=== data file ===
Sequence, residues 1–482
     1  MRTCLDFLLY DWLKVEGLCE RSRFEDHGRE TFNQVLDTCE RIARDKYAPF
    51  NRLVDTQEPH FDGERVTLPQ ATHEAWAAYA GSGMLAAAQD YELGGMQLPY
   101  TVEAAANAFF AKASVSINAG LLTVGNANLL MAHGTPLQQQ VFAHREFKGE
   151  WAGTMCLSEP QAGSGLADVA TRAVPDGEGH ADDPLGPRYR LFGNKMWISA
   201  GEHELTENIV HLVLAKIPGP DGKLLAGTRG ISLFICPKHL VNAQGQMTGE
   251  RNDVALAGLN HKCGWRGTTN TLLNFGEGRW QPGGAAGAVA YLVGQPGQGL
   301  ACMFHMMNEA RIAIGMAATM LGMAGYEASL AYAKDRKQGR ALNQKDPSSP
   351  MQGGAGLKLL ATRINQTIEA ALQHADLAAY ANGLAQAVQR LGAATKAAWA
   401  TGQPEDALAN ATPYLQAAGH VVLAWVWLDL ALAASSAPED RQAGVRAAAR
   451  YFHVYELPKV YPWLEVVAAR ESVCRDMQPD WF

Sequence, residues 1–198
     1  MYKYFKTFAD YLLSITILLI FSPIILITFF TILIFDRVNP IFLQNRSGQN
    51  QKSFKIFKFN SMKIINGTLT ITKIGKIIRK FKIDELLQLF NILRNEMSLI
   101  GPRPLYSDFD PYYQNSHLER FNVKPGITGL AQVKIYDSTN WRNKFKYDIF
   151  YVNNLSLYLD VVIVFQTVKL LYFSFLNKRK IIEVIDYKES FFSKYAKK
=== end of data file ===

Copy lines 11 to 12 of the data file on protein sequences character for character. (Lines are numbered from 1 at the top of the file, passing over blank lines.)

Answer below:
   451  YFHVYELPKV YPWLEVVAAR ESVCRDMQPD WF

Sequence, residues 1–198